1966 Pontiac GTO

©2007 Publications International, Ltd. Pontiac's was the shapeliest restyled '66 GM intermediate, and the GTO became its own model. See more muscle car pictures.

Recognizing the GTO's growing popularity, Pontiac promoted it from a Tempest option to a full-fledged model for '66. The Goat rewarded Pontiac with sales of 96,946 units, the highest one-year total ever attained by a true muscle car.

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Credit for its success was twofold. Other GM divisions had copied the GTO with hotter versions of their intermediates, but like Ford's new Fairlane GT, none captured the Goat's all-around appeal. Mopar had the performance, but no special muscle models. And while all GM midsize cars were restyled for '66, none matched the beauty of the GTO's voluptuous new Coke-bottle contours.

Wheelbase was untouched, and overall length and curb weights changed negligibly. But styling highlights included a graceful new roofline and cool fluted taillamps. The unique GTO grille had mesh-pattern inserts made of plastic -- an industry first.

©2007 Fluted lamps dressed up the GTO's tail, and a few cars got red plastic front fender liners.

The standard hood scoop remained nonfunctional, but Tri-Power engines could again get an over-the-counter fresh-air kit, and a few were equipped with the Goat's first factory Ram Air. A small number of GTOs were ordered with a boss new option: weight-reducing red plastic inner fender liners. Inside, the new instrument-surround was genuine wood.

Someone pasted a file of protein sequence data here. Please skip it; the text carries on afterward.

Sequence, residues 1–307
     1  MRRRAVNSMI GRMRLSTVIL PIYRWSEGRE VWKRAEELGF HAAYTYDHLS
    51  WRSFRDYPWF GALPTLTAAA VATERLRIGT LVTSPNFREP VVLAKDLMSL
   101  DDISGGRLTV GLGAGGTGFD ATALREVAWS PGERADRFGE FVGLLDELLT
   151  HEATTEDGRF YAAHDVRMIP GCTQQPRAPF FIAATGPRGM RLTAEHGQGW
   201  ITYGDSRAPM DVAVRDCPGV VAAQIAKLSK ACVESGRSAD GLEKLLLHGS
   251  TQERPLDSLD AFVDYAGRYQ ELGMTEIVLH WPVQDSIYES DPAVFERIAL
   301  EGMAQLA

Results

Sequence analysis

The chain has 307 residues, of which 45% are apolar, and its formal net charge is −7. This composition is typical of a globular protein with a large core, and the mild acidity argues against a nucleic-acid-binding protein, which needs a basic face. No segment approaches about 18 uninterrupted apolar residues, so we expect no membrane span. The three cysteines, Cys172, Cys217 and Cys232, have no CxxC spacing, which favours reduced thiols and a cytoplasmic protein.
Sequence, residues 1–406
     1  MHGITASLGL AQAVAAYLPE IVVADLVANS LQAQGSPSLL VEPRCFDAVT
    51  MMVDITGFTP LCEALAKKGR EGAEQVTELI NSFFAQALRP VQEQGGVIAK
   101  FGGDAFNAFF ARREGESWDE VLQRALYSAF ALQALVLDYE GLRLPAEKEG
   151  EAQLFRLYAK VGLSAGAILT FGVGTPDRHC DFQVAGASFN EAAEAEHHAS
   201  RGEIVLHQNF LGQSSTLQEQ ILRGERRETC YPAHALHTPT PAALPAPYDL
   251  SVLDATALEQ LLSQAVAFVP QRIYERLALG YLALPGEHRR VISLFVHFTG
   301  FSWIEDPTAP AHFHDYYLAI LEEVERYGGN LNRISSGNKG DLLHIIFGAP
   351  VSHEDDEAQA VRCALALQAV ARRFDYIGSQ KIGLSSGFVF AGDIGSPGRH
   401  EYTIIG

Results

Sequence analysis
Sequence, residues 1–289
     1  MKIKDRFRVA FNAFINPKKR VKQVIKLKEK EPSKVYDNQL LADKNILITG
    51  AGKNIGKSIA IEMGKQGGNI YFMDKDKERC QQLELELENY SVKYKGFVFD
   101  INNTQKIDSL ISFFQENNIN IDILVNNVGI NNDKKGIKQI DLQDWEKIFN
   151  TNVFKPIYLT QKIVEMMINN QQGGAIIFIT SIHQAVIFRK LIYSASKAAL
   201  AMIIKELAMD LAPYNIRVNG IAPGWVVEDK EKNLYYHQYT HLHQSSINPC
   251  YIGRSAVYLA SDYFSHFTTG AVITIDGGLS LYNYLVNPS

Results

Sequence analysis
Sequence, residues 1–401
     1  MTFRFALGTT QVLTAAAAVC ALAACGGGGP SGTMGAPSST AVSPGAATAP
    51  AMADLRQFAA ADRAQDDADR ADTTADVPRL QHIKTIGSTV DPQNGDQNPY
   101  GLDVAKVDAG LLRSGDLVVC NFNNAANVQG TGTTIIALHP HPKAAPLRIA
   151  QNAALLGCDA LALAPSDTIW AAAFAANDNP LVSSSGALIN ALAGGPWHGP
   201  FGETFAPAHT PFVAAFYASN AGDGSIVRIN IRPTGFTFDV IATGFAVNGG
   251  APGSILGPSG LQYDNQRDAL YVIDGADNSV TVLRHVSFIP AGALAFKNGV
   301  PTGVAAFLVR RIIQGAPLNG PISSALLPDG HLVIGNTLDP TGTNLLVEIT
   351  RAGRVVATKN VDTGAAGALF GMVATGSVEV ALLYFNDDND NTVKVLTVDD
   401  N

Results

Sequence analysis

©2007 Buckets and real wood dash trim were standard in the '66 GTO; the console was optional with any floor shifter.

The four-barrel 389 continued at 335 bhp. The $113 triple-two-barrel had 360 bhp (with or without Ram Air), but production ceased at midyear when GM outlawed multicarb engines for all but the Corvette. Three- and four-speed manuals and a two-speed automatic could be had with factory axles spanning 3.08:1 to 4.33:1.

©2007 This is one of 19,045 GTOs ordered with Tri-Power before GM killed the option at midyear.

Car Life's four-speed four-barrel with 3.08 gears and air conditioning ran a 15.4 quarter at 92 mph and got 12.4 mpg. The magazine said the lightly loaded rear wheels of its nose-heavy test car would "skitter and skip on anything but the driest pavement." Braking power was poor, but the shifter was sweet, the motor willing, and assembly quality high. That, and that beautiful new body, obviously was the formula for success in '66.

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